All hail Lucy Gray, The Hunger Games’ great new heroine
Possibly more interesting than The Hunger Games‘ hero Katniss Everdeen, Rachel Zegler’s character in prequel film The Ballad of Songbirds and Snakes has Luke Buckmaster thinking about the power of protest song.
What if triumph or tragedy, survival or destruction, life or death were determined by a single song, performed at exactly the right moment, for exactly the right crowd? What if stopping mid-performance meant certain annihilation? I won’t tell you precisely what scene in The Hunger Games: The Ballad of Songbirds and Snakes I’m referring to, or divulge spoiler-ish details. You’ll know it when you see it. Finding catharsis in the ancient pleasures of a song well sung, while dishing up some rather outré visions, it’s the film’s pièce de résistance. And it hinges on the plight of a great new character: Rachel Zegler’s Lucy Gray Baird.
Any strong female personality introduced in this franchise, which adapts Suzanne Collins’ smash-hit world-gone-wrong sci-fi series, lives in the shadow of Katniss Everdeen: the warrior goddess who rose from poverty to revolutionary political power, played in the first four movies with great hardiness and stoicism by Jennifer Lawrence. Baird more than holds her own as the leading lady in director Francis Lawrence’s unexpectedly (given the lethargy-inducing previous two Hunger Games movies) compelling prequel, set more than 60 years before the events of the first.
The Ballad of Songbirds and Snakes is a villain origin story following the formative years of the man who will become President Snow. This is 18-year-old Coriolanus “Coryo” Snow (Tom Blyth, also very captivating), a student of a prestigious secondary school who’s strong-willed, tenacious, awfully privileged, and not the kind of guy you want to cross. Assigned the role of mentoring Baird during the 10th Hunger Games, Snow’s win-at-all-costs attitude contrasts Woody Harrelson’s booze hound mentor to Everdeen in the previous films, dishing out nuggets of inspiration such as “embrace the possibility of your imminent death.”
The Ballad of Songbirds and Snakes is also a romance, in some respects, though the union of Snow and Baird is never reduced to the usual together-or-not binary terms, and the former’s ominous prewritten destiny gives their relationship the tang of doom. Baird is introduced during a “reaping” (the event in which contestants for the next Hunger Games are announced) in the impoverished District 12. As she approaches the stage she drops a snake down the back of a young woman, who, naturally, freaks out. This moment is an important touch, obscuring Baird’s place on the moral spectrum: is she good or bad, hero or swine?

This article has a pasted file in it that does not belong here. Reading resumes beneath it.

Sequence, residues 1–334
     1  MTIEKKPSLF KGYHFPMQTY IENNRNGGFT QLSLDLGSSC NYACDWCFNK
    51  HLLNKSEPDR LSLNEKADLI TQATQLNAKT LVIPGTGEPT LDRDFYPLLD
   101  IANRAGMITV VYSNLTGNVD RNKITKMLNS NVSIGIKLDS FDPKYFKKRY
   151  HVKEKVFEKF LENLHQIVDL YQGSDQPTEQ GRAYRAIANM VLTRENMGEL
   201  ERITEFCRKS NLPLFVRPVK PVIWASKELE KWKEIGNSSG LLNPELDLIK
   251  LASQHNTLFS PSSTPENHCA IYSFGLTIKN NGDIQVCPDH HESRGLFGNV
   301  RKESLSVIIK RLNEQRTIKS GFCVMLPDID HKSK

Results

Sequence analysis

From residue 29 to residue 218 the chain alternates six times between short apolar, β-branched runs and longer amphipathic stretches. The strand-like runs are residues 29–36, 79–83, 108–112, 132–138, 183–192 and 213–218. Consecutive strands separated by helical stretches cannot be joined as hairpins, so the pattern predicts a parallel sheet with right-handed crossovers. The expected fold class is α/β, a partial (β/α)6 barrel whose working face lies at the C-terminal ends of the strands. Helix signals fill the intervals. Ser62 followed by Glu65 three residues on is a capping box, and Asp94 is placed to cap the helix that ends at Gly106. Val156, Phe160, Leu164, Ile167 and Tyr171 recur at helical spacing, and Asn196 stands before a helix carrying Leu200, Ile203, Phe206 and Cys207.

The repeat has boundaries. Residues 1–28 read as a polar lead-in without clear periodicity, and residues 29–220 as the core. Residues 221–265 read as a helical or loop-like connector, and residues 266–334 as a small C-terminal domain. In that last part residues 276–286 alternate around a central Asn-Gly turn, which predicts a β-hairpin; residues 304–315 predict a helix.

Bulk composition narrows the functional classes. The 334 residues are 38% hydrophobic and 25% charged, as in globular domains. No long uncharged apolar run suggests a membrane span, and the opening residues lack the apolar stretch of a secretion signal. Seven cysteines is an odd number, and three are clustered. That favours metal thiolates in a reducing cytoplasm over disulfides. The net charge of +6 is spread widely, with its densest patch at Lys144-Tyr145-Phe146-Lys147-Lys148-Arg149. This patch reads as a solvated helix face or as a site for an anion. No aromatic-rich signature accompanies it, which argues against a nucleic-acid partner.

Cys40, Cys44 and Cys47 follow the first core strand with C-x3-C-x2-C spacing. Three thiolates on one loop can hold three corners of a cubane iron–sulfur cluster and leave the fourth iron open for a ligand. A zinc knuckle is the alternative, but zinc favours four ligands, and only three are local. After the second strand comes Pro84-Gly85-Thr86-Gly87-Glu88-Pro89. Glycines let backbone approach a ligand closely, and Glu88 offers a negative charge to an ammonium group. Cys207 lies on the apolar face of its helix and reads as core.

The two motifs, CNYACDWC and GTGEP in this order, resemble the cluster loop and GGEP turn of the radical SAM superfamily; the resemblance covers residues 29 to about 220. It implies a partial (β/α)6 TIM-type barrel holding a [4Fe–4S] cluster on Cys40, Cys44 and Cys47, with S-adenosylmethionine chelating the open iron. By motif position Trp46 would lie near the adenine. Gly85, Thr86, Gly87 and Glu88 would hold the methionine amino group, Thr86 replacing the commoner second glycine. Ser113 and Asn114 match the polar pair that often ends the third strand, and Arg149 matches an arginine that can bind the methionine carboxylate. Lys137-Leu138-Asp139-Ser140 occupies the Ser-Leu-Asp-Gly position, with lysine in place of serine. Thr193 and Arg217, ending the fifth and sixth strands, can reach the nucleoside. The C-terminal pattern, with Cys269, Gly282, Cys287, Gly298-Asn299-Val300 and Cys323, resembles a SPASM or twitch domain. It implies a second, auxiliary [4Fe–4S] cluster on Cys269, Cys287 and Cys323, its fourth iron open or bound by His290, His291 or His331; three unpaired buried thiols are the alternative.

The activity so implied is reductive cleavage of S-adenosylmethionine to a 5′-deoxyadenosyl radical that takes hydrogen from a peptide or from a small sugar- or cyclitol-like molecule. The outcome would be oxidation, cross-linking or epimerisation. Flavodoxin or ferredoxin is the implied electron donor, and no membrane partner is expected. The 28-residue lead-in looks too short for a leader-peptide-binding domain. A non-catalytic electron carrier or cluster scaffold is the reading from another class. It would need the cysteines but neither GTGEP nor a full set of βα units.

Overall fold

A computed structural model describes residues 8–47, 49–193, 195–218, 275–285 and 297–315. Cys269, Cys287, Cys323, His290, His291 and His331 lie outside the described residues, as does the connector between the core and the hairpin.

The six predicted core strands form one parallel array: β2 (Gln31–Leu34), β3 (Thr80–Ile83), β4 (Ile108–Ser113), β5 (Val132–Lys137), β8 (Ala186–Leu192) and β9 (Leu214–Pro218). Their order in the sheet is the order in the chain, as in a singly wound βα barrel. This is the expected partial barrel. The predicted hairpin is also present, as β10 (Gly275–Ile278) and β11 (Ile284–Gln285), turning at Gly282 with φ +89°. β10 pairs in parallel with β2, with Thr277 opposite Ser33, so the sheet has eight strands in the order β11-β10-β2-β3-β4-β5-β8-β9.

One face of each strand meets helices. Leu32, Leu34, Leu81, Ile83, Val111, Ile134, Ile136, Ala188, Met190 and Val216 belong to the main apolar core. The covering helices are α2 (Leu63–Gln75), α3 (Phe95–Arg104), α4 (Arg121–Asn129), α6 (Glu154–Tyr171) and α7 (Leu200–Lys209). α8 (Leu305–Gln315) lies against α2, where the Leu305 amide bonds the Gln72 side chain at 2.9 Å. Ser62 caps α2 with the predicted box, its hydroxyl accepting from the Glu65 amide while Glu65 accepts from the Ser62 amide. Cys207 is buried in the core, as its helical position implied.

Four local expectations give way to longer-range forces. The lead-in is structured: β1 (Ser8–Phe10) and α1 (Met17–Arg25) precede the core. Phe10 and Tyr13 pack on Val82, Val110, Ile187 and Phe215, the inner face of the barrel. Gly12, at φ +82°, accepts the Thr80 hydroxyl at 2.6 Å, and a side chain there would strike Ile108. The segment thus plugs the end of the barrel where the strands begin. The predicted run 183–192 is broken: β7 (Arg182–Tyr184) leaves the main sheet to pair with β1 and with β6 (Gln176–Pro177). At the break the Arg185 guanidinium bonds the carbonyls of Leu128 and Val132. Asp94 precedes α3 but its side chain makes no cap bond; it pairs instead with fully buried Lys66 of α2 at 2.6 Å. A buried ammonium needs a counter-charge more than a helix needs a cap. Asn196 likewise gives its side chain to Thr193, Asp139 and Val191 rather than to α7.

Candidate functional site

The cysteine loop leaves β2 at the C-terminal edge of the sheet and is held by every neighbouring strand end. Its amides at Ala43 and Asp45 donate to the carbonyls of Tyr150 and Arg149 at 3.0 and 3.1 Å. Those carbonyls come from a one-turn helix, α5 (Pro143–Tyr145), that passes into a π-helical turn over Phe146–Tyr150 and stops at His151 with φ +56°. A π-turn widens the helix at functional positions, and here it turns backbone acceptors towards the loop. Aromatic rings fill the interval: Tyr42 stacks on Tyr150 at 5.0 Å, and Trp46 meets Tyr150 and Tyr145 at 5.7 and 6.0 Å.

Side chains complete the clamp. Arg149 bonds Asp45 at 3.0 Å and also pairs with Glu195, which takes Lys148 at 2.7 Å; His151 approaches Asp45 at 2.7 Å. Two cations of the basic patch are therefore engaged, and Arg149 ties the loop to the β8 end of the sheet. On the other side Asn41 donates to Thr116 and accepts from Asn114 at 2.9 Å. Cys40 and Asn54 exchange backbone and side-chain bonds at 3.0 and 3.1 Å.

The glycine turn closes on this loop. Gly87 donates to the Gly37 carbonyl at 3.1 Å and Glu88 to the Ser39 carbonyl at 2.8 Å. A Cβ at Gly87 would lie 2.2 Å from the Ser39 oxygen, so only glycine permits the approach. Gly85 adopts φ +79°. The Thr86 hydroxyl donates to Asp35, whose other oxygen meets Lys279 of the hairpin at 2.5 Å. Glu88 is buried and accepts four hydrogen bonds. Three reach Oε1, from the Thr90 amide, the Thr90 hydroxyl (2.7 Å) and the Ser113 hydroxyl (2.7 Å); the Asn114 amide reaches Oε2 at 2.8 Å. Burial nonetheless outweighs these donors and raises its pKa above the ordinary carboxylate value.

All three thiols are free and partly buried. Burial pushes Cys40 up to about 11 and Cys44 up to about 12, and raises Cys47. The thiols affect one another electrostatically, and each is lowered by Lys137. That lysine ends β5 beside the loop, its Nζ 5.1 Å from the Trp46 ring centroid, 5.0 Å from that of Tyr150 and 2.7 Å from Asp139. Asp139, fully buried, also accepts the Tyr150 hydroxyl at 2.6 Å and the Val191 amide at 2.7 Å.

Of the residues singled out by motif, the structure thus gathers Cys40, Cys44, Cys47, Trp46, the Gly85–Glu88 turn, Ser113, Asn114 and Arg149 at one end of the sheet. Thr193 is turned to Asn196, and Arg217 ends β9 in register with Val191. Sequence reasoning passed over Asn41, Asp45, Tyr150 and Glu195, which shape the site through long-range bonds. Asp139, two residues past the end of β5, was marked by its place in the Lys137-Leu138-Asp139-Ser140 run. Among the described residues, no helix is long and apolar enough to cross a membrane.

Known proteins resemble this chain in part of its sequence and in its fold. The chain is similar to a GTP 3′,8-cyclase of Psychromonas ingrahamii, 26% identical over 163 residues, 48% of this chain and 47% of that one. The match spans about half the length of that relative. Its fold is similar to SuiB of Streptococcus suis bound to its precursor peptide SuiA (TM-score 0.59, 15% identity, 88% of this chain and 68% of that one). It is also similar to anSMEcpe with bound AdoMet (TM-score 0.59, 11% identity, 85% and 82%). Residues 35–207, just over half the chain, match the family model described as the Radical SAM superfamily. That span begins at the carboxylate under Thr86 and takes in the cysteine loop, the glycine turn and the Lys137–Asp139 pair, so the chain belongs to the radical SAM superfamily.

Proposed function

We know she’s a performer, belting out a rousing number about the state’s inability to purloin one’s inner spirit (“nothing you can take from me was ever worth keeping,” she croons). This is our first impression of a woman whose love of performance seems to inform every aspect of her life, her spirit etched in folksy protest songs and sheer defiance: a turbocharged and battle-scarred Woody Guthrie, plonked into Maximus’ arena, via la revolution. “I don’t sing when I’m told to,” she tells Coryo. “I sing when I have something to say.”
It’s also the first time the film begins to unpack the creation of legends: how human behaviour merges with a particular socio-political context to become something else, something larger, tapping into a underlying mood or sentiment, giving voice and clarity to abstract aspects of the zeitgeist—feelings swelling beneath the surface.
Baird performs throughout the film, which audaciously mounts a case, in the scene I referenced at the beginning of this article, that artistic expression can (in admittedly extreme circumstances) save somebody’s hide. She is forced into gladiatorial combat, which of course is an artist’s worst nightmare: the bohemian thrown among the barbarians. Before Baird enters the arena, during a televised interview, she performs another moving folksy song—about love, loss, mortality. By this point we still don’t “get” her. We can’t be sure of her motivations (beyond survival) or worldview; we can’t pigeonhole her or put her into a box. We have a fuller picture by the film’s end, though certain things remain unclear. In some ways she’s a more interesting character—certainly more enigmatic—than Everdeen’s archetypal lone warrior.
Rachel Zegler’s transfixing performance brings colour and shade, while retaining a thick air of mystery and outsiderism: the feeling that Lucy Gray is dancing to her own beat, operating on the fringes of society, maybe the fringes of morality. Zegler scored the plum role of Maria in Steven Spielberg’s West Side Story, which, it is now clear, did little to capture her unusual charisma and verve, her je ne sais quois. We get it in spades here. Her presence is felt even after the film ends. Post-credits, Baird lingers in the mind like a spectre, sort of tangible and sort of not. We can sense her roaming through some far-flung forest: looking for love, finding trouble, guitar in hand, song on the mind.